The consumer confidence index increased in August, rising to 56.9 from an unrevised 51.9 last month, the Conference Board reported yesterday.
Economists polled by IFR Markets predicted the index would rise to 53.0.
The present situation index fell to 63.2 from an upwardly revised 65.8, originally reported as 65.3, while the expectations index increased to 52.8 from a downwardly revised 42.7 last month, originally reported as 43.0.
“Consumer confidence readings suggest that the economy remains stuck in neutral, but may be showing signs of improvement by early next year,” said Lynn Franco, director of the Conference Board’s consumer research center. “Declines in the present situation index, both in terms of business conditions and the labor market, appear to be moderating. The expectations index, which posted a significant gain this month, suggests better times may be ahead. However, overall readings are still quite low by historical standard and it is still too early to tell if the worst is behind us.”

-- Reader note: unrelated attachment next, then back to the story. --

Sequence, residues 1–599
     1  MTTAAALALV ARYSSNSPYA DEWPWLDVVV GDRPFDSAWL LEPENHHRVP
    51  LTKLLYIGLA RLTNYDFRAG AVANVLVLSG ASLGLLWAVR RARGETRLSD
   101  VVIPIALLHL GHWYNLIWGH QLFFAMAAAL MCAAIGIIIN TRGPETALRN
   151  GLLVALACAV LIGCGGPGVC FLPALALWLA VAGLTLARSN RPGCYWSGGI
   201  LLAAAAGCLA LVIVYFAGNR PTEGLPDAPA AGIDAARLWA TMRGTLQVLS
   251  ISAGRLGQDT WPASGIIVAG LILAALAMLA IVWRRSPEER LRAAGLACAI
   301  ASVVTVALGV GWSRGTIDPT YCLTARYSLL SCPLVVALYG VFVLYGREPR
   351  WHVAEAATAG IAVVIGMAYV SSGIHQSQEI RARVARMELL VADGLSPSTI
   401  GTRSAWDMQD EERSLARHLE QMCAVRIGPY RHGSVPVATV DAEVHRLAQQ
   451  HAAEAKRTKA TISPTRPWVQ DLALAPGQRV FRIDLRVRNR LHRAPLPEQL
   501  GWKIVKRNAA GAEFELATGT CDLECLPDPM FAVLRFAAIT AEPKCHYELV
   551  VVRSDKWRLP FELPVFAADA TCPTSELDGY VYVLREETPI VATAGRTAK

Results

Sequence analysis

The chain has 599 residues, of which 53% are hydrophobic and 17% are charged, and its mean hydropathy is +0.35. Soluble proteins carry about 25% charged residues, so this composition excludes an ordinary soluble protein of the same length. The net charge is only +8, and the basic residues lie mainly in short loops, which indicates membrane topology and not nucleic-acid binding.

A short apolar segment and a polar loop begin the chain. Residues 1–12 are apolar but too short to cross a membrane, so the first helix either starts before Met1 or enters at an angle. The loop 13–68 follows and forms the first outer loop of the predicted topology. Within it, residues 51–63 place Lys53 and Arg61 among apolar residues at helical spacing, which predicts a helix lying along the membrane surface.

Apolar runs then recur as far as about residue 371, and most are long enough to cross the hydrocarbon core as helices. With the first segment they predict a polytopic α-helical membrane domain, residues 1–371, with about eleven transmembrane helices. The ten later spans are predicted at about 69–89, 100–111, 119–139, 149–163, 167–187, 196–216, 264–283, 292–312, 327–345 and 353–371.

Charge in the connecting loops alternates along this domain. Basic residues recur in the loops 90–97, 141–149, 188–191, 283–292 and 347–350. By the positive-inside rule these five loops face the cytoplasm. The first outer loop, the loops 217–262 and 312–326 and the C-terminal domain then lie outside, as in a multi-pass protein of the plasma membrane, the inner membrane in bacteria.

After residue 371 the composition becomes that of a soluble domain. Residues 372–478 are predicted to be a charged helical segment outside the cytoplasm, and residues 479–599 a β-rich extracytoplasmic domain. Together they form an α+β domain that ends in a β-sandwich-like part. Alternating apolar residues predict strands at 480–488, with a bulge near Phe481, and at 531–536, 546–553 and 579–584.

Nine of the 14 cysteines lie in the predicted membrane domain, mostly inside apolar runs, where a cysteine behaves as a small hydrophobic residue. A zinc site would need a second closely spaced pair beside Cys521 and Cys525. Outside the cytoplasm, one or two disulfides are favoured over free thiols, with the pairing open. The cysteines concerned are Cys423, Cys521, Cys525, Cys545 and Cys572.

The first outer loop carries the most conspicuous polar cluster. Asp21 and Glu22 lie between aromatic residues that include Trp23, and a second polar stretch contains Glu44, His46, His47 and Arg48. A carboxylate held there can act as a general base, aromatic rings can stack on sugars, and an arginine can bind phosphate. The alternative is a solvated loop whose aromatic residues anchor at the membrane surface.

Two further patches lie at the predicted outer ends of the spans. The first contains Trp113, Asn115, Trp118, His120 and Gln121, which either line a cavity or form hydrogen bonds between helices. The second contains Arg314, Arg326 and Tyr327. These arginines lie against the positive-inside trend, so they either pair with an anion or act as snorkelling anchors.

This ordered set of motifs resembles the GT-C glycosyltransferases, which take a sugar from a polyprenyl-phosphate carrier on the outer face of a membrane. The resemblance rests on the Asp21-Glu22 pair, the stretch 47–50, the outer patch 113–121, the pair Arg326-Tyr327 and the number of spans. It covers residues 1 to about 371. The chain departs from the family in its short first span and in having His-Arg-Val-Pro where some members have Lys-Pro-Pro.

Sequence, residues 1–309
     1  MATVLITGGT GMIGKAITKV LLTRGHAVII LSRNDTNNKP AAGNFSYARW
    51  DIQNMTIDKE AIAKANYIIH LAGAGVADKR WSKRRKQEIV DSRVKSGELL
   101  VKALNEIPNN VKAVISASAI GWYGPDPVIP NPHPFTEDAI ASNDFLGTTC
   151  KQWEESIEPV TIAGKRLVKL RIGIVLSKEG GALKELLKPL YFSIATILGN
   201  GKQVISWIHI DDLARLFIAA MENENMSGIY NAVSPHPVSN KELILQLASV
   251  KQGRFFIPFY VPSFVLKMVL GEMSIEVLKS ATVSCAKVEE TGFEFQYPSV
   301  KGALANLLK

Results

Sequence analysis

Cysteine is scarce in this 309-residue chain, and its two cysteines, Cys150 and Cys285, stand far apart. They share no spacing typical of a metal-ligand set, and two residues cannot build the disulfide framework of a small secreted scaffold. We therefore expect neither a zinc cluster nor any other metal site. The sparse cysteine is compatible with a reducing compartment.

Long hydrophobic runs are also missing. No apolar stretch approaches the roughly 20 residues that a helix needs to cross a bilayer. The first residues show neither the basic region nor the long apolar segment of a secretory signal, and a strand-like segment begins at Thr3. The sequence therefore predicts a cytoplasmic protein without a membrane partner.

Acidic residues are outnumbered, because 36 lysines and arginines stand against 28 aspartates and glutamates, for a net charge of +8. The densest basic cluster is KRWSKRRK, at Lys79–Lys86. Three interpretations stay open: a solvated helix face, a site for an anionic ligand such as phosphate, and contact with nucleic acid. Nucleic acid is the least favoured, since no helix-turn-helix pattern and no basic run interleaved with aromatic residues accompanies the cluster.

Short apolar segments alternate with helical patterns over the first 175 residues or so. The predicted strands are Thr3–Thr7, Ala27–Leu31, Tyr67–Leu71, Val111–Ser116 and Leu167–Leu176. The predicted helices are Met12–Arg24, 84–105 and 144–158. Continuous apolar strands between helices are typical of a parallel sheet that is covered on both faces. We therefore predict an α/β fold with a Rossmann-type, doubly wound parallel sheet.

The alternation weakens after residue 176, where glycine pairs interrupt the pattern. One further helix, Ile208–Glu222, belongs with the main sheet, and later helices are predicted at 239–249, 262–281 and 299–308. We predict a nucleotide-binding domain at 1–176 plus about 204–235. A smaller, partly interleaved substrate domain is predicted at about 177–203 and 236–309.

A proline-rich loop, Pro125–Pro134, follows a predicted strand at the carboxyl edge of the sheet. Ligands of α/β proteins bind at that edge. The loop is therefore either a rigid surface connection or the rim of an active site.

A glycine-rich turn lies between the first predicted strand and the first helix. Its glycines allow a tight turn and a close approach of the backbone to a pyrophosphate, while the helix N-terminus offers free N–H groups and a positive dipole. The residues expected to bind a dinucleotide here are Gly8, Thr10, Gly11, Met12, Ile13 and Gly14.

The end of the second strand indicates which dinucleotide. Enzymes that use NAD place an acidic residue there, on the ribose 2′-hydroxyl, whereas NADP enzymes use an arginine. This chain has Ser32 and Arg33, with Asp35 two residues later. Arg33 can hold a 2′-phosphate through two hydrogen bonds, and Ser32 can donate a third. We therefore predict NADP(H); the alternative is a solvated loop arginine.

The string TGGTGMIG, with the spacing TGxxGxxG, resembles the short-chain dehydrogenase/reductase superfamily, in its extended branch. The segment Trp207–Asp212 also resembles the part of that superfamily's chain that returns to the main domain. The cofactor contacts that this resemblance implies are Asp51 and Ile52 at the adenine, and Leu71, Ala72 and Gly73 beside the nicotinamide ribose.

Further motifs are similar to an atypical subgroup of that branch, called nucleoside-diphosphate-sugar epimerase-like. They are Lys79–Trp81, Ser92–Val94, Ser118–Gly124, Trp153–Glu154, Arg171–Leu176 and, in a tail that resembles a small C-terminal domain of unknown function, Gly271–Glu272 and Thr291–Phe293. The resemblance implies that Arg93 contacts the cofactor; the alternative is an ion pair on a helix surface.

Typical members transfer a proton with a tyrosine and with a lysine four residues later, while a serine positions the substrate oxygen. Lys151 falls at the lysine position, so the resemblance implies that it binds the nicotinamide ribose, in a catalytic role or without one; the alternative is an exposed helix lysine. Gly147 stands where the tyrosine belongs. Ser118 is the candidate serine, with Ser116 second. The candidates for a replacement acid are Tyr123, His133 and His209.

Business conditions were called “good” by 13.4% of respondents in August, an increase from 13.2% in July. Those saying conditions are “bad” rose to 33.2% from 32.6%.
The percentage of consumers expecting a pickup in business conditions in the next half year rose to 11.9% from 9.2%, while 25.8% said they expect conditions to worsen, down from 32.4% last month.
On the jobs front, those who believe jobs are “plentiful” decreased to 13.1% in August from 13.6% in July, while the number saying jobs are “hard to get” increased to 32.0% this survey from 30.2%. The respondents who see more jobs becoming available in a half year surged to 10.5% from 8.0%. Those expecting fewer jobs to become available sank to 30.6% from 37.3%, the Conference Board reported.